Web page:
When fully transitioning the project into a band, Gregory found things got much easier after scooping up seasoned musician Alex Perkolup, who had been involved with acts like Cheer-Accident and The Flying Luttenbachers. “He understood where I was coming from and was able to translate my non-musical ideas into something strange and odd,” says Gregory. “And he comes from death metal and prog. So, it’s a good collision of me being the non-musician and him being the über-musician.” The band began releasing albums in 2005, starting with their self-released self-titled album. In 2012, the band released their first album with the iconic noise label SKiN GRAFT, Cleaning The Filth From A Delicate Frame. “We’re kind of an odd duck outfit for the SKiN GRAFT roster, I think,” says Gregory. “Some people really get it. Other people are like, ‘What the fuck is this shit? This is not Melt-Banana! This is not Arab on Radar! [Laughs]”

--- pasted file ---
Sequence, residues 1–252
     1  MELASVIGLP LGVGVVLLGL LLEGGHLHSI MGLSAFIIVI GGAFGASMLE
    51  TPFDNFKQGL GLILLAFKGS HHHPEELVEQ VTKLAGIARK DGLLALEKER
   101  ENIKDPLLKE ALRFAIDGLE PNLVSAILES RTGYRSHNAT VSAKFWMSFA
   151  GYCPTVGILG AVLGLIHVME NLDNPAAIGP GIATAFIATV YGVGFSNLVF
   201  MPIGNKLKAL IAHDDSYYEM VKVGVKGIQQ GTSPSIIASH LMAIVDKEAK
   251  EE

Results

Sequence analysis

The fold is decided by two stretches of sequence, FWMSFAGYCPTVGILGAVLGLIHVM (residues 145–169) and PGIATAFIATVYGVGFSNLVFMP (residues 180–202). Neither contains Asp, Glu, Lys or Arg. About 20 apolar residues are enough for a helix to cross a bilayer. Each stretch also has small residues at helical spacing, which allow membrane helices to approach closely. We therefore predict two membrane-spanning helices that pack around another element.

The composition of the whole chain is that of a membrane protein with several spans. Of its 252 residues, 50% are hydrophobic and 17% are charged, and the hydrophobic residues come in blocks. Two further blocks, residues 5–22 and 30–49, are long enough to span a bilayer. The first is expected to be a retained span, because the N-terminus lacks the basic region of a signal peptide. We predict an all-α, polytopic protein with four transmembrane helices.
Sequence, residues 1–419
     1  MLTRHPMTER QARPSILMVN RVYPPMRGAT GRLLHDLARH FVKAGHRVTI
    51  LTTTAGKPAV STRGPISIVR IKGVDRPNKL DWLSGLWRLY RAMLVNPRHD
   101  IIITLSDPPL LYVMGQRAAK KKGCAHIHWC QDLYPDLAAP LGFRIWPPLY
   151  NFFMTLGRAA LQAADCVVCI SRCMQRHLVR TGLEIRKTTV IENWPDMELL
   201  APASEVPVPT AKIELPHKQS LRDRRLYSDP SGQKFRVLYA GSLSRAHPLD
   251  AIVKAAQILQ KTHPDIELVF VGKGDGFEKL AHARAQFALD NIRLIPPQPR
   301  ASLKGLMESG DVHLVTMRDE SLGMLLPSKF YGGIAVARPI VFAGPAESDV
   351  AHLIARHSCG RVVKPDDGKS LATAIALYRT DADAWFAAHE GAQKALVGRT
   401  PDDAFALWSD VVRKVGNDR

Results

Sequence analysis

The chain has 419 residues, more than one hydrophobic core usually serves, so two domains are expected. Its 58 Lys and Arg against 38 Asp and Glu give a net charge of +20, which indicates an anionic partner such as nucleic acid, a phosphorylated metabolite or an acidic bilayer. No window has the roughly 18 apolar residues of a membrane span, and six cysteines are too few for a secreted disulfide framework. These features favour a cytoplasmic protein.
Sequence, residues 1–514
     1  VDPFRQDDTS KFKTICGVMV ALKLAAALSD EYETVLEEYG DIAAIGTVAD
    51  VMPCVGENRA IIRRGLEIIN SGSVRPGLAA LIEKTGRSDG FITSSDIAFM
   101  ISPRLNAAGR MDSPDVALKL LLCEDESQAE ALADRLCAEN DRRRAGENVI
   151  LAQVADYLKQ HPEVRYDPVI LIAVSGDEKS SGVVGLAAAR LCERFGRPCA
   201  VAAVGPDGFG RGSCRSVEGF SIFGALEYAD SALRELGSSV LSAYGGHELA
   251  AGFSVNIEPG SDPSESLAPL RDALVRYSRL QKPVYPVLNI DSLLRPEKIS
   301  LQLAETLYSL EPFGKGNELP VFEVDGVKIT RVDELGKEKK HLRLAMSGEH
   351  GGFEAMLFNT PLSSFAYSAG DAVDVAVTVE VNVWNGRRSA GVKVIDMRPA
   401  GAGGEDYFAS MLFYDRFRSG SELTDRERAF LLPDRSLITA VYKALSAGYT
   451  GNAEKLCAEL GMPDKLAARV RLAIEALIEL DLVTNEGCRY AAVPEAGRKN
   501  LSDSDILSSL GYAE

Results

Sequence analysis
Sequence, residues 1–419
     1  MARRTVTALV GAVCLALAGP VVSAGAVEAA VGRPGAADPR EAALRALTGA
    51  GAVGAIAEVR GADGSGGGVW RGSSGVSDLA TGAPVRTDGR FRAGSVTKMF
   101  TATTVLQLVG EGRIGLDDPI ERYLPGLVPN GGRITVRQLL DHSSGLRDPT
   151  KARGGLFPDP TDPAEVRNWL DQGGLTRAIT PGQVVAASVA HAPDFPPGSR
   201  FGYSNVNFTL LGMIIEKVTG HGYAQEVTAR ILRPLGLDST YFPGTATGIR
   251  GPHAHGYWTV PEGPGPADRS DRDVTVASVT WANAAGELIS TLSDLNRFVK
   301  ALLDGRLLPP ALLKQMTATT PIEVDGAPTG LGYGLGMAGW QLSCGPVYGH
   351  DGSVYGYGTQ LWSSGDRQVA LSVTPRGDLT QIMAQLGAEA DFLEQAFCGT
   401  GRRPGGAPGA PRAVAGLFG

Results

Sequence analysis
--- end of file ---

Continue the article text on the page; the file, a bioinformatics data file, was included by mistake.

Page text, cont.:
When asked how working as part of a collaborative project compares to his individualised illustrative work, Gregory responds, “It’s hard to partition my brain. Like, one’s social, one’s very solitary. If I get too involved in the music end of it, my mind’s in a social area, and I’m like, ‘Why do I want to go back and sit in a studio for hours, for months and months?’ Plus, it’s also…they definitely do work off each other, but I always have to really make a point of coming back to the art, in order just to sort of clear it out.” He adds, “When we’re coming up with new material or just rearranging something, it’s really amazing to just see someone’s gears turn, and these ideas bounce everywhere. And, for me, that’s the best part of being in a band. That’s the best part of collaborative creativity.” Today, the band release their third album with SKiN GRAFT, Effusive Supreme, which is their most collaboratively-constructed record to date. “In the past albums, Alex and I would demo the majority of the material, bring it in, and then it’d get filtered through the band,” says Gregory. “With this one, we really developed these songs together. And the point of recording the album – we had been playing together for a good number of years, and we had a good musical vocabulary and interaction, where it kind of came together naturally, and I think that’s really evident in the new album. It feels a lot more organic, it feels a lot more fun – not that the other albums weren’t fun – but it has more of, I guess, a groove that I think only comes from people that have been playing together for a while, and I think it’s this very weird, idiosyncratic groove, which is what I always look for in music.”